KUALA LUMPUR (June 16): Norges Bank Investment Management, which manages Norway’s Government Pension Fund Global, the world’s largest sovereign wealth fund with a market value of about 11.7 trillion Norwegian kroner (about RM5.2 trillion), said Norges Bank’s executive board had on Wednesday (June 15) decided to place rubber glove maker Supermax Corp Bhd under observation for two years due to allegations on serious violations of human rights involving the company’s foreign workers.
"The decision is based on a recommendation from the [Government Pension Fund Global’s] Council on Ethics of May 6, 2022. In its recommendation, the Council on Ethics recommended excluding the company,” Norges Bank Investment Management said in a statement on Wednesday.
Norges Bank Investment Management, which is the asset management unit of Norwegian central bank Norges Bank, has been tasked to manage the Government Pension Fund Global, often referred to as Norway’s oil fund, according to the assets management unit.
Norges Bank Investment Management said that based on the Council on Ethics' recommendation, the executive board has made the assessment that Supermax’s announced measures to improve living and working conditions for migrant workers leave uncertainty about future developments.
"The period of observation gives the Council on Ethics the opportunity to find out whether the measures sufficiently reduce the risk of violations,” Norges Bank Investment Management said.
Norges Bank Investment Management had attached to its statement the Council on Ethics' statement on Supermax.
In the Council on Ethics’ statement on Wednesday, the council said it recommends that Supermax be excluded from the Government Pension Fund Global due to an unacceptable risk that the company is contributing to human rights abuses.
The recommendation concerns the living and working conditions experienced by migrant workers at the company’s production facilities in Malaysia, according to the council.
"Supermax is a Malaysian manufacturer of rubber gloves with several factories in Malaysia. Since 2019, news reports have been published about the poor living and working conditions experienced by the company’s employees. Allegations include the payment of high recruitment fees, long working hours, an elaborate system of punishments and fines, and restrictions on workers’ freedom of movement.
"The company has denied that any abuse has taken place, and claimed that living and working conditions are good, and has asserted that the workers’ testimonies are incorrect or exaggerated. Yet, following harsh criticism, the company has stated that it will implement a number of measures to improve living and working conditions, and ensure that its workers do not pay recruitment fees,” the council said.
The council said it takes a positive view of the measures Supermax has announced.
However, the council said it has not been able to assess the implementation of these measures, and it remains unclear whether the measures by Supermax will reduce the risk of human rights abuse in the longer term.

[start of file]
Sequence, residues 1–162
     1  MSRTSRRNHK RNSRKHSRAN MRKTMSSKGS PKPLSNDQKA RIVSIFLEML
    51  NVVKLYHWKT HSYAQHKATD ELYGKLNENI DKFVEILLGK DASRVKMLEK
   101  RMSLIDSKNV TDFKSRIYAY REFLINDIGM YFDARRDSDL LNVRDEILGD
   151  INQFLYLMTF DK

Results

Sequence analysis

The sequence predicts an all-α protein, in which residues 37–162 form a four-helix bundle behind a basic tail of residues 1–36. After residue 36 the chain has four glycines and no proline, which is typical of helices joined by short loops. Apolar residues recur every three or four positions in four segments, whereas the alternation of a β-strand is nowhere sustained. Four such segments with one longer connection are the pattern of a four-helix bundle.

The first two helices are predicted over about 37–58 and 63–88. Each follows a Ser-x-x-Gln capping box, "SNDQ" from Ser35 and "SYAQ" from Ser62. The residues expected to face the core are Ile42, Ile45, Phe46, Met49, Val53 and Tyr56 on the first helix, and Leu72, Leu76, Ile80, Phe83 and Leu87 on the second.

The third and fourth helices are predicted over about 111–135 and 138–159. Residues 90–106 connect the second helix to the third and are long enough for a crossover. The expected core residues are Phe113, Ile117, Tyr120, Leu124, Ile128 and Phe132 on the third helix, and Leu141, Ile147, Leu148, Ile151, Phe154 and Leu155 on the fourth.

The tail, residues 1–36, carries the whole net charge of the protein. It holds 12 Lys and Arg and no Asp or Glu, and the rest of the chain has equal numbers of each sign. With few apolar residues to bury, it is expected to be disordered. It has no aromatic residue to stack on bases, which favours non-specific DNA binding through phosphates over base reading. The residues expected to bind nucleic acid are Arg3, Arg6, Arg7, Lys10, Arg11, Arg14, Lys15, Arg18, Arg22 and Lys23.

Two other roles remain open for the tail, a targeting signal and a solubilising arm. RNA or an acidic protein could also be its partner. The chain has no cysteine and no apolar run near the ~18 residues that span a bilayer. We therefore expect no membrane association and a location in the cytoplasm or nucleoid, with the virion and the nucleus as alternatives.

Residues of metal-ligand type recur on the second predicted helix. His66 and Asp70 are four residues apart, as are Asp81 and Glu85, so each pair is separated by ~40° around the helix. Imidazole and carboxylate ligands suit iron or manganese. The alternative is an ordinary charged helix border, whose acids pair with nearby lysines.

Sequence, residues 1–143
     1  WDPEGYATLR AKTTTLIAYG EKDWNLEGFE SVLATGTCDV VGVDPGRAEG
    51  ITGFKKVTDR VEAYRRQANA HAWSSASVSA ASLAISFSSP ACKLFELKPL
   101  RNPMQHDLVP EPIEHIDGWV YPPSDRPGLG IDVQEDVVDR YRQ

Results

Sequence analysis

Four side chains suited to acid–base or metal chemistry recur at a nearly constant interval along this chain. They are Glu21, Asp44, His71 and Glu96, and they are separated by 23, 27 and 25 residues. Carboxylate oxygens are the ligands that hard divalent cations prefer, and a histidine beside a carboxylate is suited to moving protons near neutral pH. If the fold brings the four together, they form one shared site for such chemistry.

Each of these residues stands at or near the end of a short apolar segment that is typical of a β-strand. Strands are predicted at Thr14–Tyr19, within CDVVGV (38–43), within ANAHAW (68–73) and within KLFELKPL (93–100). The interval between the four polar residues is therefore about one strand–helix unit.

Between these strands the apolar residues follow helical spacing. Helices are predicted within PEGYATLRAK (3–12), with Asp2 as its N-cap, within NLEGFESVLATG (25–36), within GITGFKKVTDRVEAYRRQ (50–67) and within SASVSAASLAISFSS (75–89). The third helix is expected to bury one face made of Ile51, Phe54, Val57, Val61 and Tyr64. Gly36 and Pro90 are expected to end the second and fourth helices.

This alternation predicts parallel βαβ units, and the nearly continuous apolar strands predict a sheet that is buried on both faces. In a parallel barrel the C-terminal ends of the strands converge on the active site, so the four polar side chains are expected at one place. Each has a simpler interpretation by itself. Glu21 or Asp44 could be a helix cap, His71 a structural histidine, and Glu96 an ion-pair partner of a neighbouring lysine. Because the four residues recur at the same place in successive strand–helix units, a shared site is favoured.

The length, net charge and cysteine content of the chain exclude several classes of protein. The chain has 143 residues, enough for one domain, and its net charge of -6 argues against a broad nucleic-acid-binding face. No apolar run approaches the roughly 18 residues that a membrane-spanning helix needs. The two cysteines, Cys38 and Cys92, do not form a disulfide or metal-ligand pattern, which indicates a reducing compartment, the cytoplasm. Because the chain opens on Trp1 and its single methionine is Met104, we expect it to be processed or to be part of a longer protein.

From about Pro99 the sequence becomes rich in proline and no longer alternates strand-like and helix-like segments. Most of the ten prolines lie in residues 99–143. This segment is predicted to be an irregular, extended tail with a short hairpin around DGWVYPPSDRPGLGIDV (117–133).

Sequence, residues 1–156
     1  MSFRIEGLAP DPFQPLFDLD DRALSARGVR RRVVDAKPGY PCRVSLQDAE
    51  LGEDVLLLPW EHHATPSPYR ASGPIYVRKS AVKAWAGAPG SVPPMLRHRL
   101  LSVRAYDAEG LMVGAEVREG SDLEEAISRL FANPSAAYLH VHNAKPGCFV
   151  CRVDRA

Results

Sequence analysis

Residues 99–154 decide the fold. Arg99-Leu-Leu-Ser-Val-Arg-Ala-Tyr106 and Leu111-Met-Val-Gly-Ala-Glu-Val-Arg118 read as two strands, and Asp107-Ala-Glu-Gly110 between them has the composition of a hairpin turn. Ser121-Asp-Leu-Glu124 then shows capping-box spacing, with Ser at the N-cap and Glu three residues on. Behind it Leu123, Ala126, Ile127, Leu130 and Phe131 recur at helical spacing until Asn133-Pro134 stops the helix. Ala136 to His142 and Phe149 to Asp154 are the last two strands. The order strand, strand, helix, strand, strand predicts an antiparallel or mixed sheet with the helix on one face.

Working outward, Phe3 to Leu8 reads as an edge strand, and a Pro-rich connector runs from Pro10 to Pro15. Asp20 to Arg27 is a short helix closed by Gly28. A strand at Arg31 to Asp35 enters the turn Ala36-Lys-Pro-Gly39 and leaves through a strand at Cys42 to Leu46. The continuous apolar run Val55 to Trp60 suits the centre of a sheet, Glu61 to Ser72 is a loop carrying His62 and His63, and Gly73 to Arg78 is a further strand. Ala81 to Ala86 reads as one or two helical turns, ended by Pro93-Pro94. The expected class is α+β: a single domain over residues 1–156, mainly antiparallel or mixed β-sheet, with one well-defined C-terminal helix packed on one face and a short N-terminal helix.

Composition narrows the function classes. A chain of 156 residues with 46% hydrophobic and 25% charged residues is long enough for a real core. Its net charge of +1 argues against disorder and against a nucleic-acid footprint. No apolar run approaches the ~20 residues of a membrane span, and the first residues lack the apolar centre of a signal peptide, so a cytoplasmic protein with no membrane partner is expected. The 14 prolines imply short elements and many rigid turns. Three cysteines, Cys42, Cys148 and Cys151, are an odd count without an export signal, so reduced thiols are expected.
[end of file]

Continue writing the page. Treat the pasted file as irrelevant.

"On this basis, the council has concluded that the risk of future violations is unacceptably high,” the council said.
"The Council on Ethics issued its recommendation on exclusion [for Supermax] on Feb 24, 2022. Norges Bank [Investment Management] announced its decision to place the company under observation on June 15, 2022,” the council said.
Supermax, when approached by theedgemarkets.com, did not immediately comment on its share price and the company's outlook.
The company, however, directed theedgemarkets.com to Supermax’s June 2, 2022 press statement, which was filed with Bursa then.
"Supermax is continuously making efforts to elevate its human resource practices to be aligned with International Labour Organization (ILO) standards and the expectations of international regulatory bodies, such as [the] US Customs and Border Protection (CBP),” Supermax said then.
Supermax is contending with forced labour allegations by the CBP.
Forced labour allegations against Supermax stemmed from, among others, an Oct 20, 2021 statement by the CBP, which indicated that effective Oct 21, 2021, CBP officers at all US ports of entry would detain disposable rubber gloves produced by Supermax’s wholly-owned subsidiaries, which included Maxter Glove Manufacturing Sdn Bhd and Supermax Glove Manufacturing.
"CBP issued a Withhold Release Order (WRO) against Supermax Corp Bhd and its subsidiaries based on information that reasonably indicates their use of forced labour in manufacturing operations," the CBP said.
The CBP said it identified 10 of the ILO indicators of forced labour during its investigation on Supermax.
At Bursa Malaysia on Thursday, Supermax’s share price closed down 3.5 sen or 3.85% at 87.5 sen for a market value of about RM2.31 billion.
Supermax has 2.64 billion outstanding shares, according to the company’s latest quarterly financial report.